Israel, US hold covert trial for 'David's Sling' missile interceptor

The "successful" anti-missile system trials were conducted in central Israel under a media blackout.

January 25, 2017 18:50
1 minute read.
David's Sling

David's Sling. (photo credit: DEFENSE MINISTRY)


Dear Reader,
As you can imagine, more people are reading The Jerusalem Post than ever before. Nevertheless, traditional business models are no longer sustainable and high-quality publications, like ours, are being forced to look for new ways to keep going. Unlike many other news organizations, we have not put up a paywall. We want to keep our journalism open and accessible and be able to keep providing you with news and analysis from the frontlines of Israel, the Middle East and the Jewish World.

As one of our loyal readers, we ask you to be our partner.

For $5 a month you will receive access to the following:

  • A user experience almost completely free of ads
  • Access to our Premium Section
  • Content from the award-winning Jerusalem Report and our monthly magazine to learn Hebrew - Ivrit
  • A brand new ePaper featuring the daily newspaper as it appears in print in Israel

Help us grow and continue telling Israel’s story to the world.

Thank you,

Ronit Hasin-Hochman, CEO, Jerusalem Post Group
Yaakov Katz, Editor-in-Chief


Israel and the US in recent days have successfully completed a series of tests involving an advanced version of the 'David's Sling' missile interception system.

Also known as the 'Magic Wand,' the anti-missile system trials were conducted covertly under a media blackout.

"The success of the test is part of the development on the future threat deterrence system," said the Defense Ministry. The trial was led by Israeli Rafael Advanced Defense Systems at a test field in central Israel, as part of coordination between the Defense Ministry’s Administration HOMA program for the Development of Weapons and Technological Infrastructure and the US Missile Defense Agency.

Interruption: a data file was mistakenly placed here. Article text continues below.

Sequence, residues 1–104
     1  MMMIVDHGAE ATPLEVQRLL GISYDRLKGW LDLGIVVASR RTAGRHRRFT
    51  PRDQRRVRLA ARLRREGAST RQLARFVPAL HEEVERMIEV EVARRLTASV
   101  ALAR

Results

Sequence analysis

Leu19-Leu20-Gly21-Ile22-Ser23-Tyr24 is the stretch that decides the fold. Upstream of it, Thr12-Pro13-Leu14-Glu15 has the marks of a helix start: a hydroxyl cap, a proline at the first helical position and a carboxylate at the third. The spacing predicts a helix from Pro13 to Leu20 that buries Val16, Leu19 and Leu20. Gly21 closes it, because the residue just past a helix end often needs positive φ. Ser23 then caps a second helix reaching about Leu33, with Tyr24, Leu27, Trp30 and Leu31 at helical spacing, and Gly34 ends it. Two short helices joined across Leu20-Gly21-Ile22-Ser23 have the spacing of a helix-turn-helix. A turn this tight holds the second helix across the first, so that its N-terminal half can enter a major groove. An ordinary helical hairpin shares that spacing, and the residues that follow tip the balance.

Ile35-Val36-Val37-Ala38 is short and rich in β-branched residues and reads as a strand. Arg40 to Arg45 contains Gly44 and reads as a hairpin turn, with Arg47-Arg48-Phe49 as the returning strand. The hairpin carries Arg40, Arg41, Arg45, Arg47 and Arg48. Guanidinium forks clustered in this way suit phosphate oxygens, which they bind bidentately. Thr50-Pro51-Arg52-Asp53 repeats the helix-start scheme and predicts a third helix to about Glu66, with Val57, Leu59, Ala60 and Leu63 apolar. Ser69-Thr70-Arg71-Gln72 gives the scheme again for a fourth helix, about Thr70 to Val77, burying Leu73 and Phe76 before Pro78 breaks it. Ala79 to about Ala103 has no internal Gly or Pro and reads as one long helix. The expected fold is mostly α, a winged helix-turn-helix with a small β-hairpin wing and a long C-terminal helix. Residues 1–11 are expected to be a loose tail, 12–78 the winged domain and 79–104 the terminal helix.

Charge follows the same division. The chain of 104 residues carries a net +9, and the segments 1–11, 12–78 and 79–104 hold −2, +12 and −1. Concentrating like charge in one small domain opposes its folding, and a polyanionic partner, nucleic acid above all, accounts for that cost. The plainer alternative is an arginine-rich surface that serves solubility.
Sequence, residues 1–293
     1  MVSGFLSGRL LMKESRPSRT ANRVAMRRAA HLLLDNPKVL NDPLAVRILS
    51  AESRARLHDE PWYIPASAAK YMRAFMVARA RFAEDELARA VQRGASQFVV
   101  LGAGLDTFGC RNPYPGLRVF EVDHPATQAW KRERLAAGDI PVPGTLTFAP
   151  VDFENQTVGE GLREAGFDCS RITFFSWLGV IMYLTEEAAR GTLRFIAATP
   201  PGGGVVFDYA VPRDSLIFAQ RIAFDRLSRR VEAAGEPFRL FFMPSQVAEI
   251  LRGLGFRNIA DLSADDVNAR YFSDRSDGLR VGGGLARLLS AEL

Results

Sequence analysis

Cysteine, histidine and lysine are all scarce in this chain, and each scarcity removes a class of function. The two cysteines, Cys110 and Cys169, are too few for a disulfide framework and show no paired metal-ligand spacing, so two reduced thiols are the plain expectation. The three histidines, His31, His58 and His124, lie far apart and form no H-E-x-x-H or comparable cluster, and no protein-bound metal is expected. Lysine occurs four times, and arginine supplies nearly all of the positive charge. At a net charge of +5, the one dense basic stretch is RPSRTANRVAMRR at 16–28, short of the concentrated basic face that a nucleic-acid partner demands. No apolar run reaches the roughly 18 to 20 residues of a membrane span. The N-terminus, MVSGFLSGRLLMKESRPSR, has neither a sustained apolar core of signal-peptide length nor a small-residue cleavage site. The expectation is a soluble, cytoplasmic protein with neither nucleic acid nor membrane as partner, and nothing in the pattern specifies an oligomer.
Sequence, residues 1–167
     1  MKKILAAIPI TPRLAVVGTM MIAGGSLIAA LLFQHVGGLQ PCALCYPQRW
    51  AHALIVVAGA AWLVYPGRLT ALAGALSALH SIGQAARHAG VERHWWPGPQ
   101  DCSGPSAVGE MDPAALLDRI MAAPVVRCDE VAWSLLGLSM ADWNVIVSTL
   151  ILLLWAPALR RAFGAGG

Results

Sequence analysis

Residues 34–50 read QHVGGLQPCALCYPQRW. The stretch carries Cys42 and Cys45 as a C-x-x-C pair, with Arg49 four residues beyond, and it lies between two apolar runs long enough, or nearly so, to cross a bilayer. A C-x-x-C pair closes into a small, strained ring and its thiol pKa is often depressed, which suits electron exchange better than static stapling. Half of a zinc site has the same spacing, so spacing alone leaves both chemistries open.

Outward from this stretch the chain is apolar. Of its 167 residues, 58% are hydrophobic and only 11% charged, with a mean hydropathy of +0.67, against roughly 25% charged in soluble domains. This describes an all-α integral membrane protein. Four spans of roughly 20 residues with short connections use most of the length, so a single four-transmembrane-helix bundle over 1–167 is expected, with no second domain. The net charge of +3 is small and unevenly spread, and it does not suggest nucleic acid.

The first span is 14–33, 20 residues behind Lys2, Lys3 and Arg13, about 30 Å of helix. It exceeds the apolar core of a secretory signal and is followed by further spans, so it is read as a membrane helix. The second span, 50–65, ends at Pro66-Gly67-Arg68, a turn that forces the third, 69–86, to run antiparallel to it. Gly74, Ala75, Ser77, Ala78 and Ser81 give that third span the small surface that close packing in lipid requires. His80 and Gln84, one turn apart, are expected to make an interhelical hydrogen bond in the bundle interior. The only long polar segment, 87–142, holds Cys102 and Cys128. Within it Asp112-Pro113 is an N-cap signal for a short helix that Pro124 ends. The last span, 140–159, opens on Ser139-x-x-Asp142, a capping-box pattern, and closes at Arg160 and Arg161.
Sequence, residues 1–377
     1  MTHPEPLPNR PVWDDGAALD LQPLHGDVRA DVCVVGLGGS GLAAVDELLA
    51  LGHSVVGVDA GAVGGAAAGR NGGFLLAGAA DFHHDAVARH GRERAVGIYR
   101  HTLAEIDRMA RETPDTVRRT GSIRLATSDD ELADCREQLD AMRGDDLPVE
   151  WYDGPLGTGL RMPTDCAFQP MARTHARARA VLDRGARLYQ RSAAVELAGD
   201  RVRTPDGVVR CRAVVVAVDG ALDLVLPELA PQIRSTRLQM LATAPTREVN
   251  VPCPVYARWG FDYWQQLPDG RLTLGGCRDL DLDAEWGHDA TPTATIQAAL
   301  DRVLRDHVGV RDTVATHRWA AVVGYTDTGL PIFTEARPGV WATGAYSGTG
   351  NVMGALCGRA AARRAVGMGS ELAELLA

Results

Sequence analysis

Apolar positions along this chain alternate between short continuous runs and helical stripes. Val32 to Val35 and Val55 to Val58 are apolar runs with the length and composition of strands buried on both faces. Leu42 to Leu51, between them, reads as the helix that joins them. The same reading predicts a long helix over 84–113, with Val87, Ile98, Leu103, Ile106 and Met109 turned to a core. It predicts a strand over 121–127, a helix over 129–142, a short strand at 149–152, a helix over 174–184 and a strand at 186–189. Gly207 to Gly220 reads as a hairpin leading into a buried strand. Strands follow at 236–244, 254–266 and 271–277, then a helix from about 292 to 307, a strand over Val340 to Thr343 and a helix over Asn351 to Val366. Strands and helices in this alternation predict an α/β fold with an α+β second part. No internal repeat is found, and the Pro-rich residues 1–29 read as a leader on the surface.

David's Sling successfully test [File]

The trials examined the capabilities and performance of the system, which is designed to intercept short- to medium- range rockets and ballistic missiles, including guided projectiles, cruise missiles, aircraft and drones. Its range of coverage means it can destroy incoming threats over enemy territory, away from Israeli skies.

The trials examined several scenarios, which stimulated future threats, that the system may face during conflict.

"During the series of tests, after incoming missile detection, the MMR (multi-missile radar) located the targets and transferred the data to the central firing program, which calculated interception protocols," the Defense Ministry stated.

'Magic Wand's' missiles were successfully launched and performed all stages of flight, including destroying the target, as planned.

Last week, Israel strengthened its defense against an Iranian missile onslaught with the transfer of Arrow-3 interceptors from the Israel Missile Defense Organization to the Israel Air Force.

In face of the growing missile threat, the Arrow-3 will form the uppermost layer of Israel’s multi-layered defense system, along with the Arrow-2, David’s Sling and Iron Dome system.

Anna Ahronheim and Yaakov Lappin contributed to this report.

Join Jerusalem Post Premium Plus now for just $5 and upgrade your experience with an ads-free website and exclusive content. Click here>>

Related Content

A SWEARING-in ceremony for new recruits of the Paratroopers Brigade
May 21, 2019
IDF move to accommodate recruits from LGBT homes enrages rabbis